Active in Constructing Excellence and as chair of the CIPR’s construction and property group (CAPSIG), I have argued at conferences and online (hereherehere and here, for example) that the industry needs to stop thinking of itself as a monolithic entity and start to identify changes it can make across its many disciplines, and then get them communicating, running long-term, integrated, pan-sector campaigns, and working collaboratively with partners, trade bodies and (most importantly, perhaps) its customers and end-users.

I was cautiously optimistic that the combined thrust of the chief construction adviser, the pan-industry Construction Leadership Council, Construction 2025, and the catalysts of BIM and other digital initiatives might improve matters, but sadly my hopes were dashed. In July the new Conservative government announced it no longer needed an adviser, it slimmed-down the CLC to a token group dominated by contractors, and the future of Vince Cable’s various industry strategies, including, presumably, Digital Built Britain, was called into question.

I do not think Build UK is – as it claims – “ideally positioned to promote collaboration and provide industry-wide solutions for the benefit of everyone” (for a start, the challenge is much, much wider, embracing industry professionals – via the CIC, maybe – customers and end-users, and suppliers and manufacturers, among other stakeholders). However, I take heart from its suggestion that “Agreeing and implementing best practice can drive a lasting culture shift that will improve productivity, deliver growth and make the industry fit for purpose.” If we can overcome the government’s apparent abdication of partnership, and ensure that best practice is accompanied by corresponding changes in attitudes and behaviours from SME workplaces right up to PLC boardrooms then we might have a chance of changing the reputation of the industry currently known as construction.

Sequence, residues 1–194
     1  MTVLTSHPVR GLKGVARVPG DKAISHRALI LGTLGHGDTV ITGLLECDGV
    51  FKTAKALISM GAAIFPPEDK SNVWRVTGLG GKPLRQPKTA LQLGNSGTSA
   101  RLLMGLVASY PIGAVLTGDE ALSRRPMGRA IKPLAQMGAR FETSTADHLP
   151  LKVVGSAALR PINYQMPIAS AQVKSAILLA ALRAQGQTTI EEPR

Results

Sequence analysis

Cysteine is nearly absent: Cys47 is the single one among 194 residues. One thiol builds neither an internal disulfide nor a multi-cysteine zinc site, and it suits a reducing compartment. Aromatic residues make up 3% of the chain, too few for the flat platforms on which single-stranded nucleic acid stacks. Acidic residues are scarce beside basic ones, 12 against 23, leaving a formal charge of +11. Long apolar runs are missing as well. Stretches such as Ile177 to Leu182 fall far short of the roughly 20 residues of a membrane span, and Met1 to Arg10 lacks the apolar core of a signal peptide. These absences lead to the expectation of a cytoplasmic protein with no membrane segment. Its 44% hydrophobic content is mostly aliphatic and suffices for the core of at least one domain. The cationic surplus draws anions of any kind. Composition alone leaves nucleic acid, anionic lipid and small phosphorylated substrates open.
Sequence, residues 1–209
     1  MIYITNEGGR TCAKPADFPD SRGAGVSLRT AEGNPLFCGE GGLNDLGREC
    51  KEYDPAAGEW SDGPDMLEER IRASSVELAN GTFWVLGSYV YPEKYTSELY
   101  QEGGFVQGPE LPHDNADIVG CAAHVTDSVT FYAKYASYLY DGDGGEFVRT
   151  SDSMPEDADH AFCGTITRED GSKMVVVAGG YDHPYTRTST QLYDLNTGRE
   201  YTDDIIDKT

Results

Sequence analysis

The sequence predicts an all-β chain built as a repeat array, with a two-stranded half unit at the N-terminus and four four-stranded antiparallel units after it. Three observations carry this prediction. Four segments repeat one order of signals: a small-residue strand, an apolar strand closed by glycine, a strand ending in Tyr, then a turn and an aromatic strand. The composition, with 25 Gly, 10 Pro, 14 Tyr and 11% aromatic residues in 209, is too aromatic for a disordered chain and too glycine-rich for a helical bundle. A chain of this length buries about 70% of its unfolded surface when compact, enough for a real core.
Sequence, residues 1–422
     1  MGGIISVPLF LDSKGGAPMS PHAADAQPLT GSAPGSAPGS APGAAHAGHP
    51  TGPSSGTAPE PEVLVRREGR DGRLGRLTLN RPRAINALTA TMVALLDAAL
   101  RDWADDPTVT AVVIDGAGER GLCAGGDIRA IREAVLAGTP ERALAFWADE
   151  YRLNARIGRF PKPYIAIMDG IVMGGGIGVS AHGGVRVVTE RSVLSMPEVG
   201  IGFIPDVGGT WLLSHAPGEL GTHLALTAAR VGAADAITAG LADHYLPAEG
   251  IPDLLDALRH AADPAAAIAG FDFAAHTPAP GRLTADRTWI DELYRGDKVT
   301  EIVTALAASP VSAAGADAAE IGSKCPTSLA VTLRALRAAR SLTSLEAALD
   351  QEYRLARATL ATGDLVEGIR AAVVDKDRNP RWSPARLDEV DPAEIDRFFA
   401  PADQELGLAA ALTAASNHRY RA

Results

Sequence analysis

Evidence, evidence, evidence

I attended a really useful bid writing workshop earlier this week, run by Tender Management Consultancy. You can also catch up with them on Twitter. You may wonder why I was going to a bid writing workshop, but I enjoy getting other people’s perspectives on the subject, because I can always learn something new.

One of the things that was discussed was the importance of providing evidence in PQQs and ITTs, to back up your claims.

Providing adequate and compelling evidence is the most important aspect of construction marketing. But what is it and how do you do it?

Evidence – what?


Great evidence demonstrates or proves any claims you make in your bid submissions, awards or any other form of marketing communications. It can take the form of project sheets, CVs or other bid responses, and should be at the forefront of your mind when you are capturing project information.

It takes the form of an example, with the outcomes and client benefits clearly shown.